Mary James was born in Surrey on 21st March 1946. He father was a skilled joiner and her mother was a factory worker. She failed the 11+ exam so was ‘educated’ at secondary modern and bi-lateral schools before qualifying as a teacher at Brighton College of Education. She was in the first cohort to be awarded a BEd degree from Sussex University in 1968.
For ten years, she taught English, Sociology and Religious Studies in secondary schools: a secondary modern in Guildford; a girls’ grammar school in Portsmouth; and a comprehensive in Harrow. In 1979 she gained a part-time MA(Ed) in Curriculum Studies at the Institute of Education London. Also in 1979 she started a career in educational research at the Open University where, in 1990, she gained a PhD by published work.
From 1979 to 1989 she worked as a contract researcher: first as a support to the curriculum group at the OU; then on a dental health education project at Cambridge University; then back to the OU again to work on the national evaluation of records of achievement. In 1989 she secured a permanent position as a tutor at the Cambridge Institute of Education, which, in 1992, was incorporated in the University of Cambridge. There she became Lecturer, Senior Lecturer and then Reader. She was also elected as a Fellow of Lucy Cavendish College Cambridge in 1996, where she remains a Fellow Commoner.
In 2004 she was appointed to a Chair in Education at the Institute of Education London, linked to her role as Deputy Director of the ESRC’s Teaching and Learning Research Programme (TLRP). In 2008, after completing an ESRC Programme Director’s Fellowship, she returned to the Faculty of Education, Cambridge University, as Associate Director of Research. At the end of 2013 she retired.
Throughout her career, in teaching and research, she has focused on what teachers might do to improve learning by investigating what happens in their interactions with students, the curriculum, assessment processes and school structures. After moving into higher education, this interest initially developed into research and teaching on school self-evaluation and teacher action-research. During a period of five years (1985-90) when she was involved in a large government-funded evaluation of records of achievement schemes (PRAISE), she became increasingly interested in the idea that assessment by teachers in classrooms could be a powerful tool for improving learning. This often requires them to rethink what it means ‘to learn’, ‘to teach’ and ‘to assess’ and to place more emphasis on eliciting and interpreting evidence of learning as a basis for planning teaching to support learners in their efforts to improve. Traditional views of practice, cultural and institutional expectations, and external policy sometimes inhibit change; therefore, another area of research interest has been the impact of national, local and school policy on classroom practice and students’ experience. She has published widely in all these areas and now has more than 100 published books, articles and chapters to her name.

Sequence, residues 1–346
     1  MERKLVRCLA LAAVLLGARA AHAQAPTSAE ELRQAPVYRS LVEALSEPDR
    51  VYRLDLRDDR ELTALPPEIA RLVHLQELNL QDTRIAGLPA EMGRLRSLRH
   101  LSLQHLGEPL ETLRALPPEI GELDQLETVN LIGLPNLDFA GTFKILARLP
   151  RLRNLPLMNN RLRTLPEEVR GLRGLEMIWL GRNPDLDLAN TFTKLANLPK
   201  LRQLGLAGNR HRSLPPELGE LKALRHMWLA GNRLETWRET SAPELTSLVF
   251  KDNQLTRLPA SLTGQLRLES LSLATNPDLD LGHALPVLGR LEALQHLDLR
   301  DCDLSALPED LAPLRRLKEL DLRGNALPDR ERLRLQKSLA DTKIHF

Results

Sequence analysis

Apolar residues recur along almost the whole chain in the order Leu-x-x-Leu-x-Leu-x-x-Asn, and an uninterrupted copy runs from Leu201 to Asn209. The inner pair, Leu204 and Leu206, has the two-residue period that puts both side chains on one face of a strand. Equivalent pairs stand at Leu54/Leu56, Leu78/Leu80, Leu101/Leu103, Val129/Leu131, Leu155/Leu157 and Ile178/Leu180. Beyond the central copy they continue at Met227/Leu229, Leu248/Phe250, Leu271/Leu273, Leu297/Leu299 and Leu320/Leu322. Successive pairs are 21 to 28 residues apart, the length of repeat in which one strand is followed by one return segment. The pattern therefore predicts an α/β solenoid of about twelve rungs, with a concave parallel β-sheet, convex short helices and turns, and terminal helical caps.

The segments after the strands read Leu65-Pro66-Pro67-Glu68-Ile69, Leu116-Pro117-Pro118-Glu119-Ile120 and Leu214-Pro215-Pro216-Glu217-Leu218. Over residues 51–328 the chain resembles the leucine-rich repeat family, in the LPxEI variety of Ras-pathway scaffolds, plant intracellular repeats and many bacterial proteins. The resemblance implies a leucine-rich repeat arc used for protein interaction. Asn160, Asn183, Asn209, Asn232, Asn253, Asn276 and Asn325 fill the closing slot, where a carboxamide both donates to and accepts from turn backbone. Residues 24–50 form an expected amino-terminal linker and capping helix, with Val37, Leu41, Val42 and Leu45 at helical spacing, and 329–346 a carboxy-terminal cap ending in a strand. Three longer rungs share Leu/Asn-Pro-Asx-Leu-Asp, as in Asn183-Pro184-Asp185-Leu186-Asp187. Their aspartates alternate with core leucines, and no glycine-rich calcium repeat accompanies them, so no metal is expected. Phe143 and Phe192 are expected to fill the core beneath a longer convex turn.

These areas of research also found expression in her work as founding editor (1990-1996) of The Curriculum Journal, and in her membership of the Assessment Reform Group (ARG), from 1992 to 2010. Possibly her most widely read work is a series of articles and chapters, stimulated by the ARG, exploring the relationship between assessment, teaching and theories of learning.
Her research interests in assessment, teaching, learning, curriculum, teacher development and school improvement also came together in her work, from 2002 to 2008, as Deputy Director of the TLRP, alongside Andrew Pollard, and in her own major TLRP development and research project: ‘Learning How to Learn – in classrooms, schools and networks’. This project involved collaborative work, over four years (2001-2005), with five universities and 40 primary and secondary schools. Its overarching aim was to develop and test a model of how pedagogical knowledge about how pupils ‘learn how to learn’, building on assessment for learning, is created and applied in classrooms under particular organisational conditions. It also investigated how this knowledge can be successfully transferred between teachers and between schools.
In ‘retirement’ Mary has continued to do advisory work with professional, research and governmental groups. In 2011, she was a member of the Coalition Government’s Expert Group for the review of the National Curriculum. From 2000 to 2014 she advised the Hong Kong government’s Education Bureau on its Educational Reform programme. And, from 2013, she has been a member of the Scientific Advisory Board for the NordForsk Education for Tomorrow Programme in the Nordic Countries.
From 2011 to 2013 she was honoured to be President of BERA.
She is married to Dave Ebbutt, a former researcher; they have a son, Luke, a furniture designer. Mary no longer has a horse of her own but she continues to ride. And the family has acquired a pointer puppy to accompany her on long walks.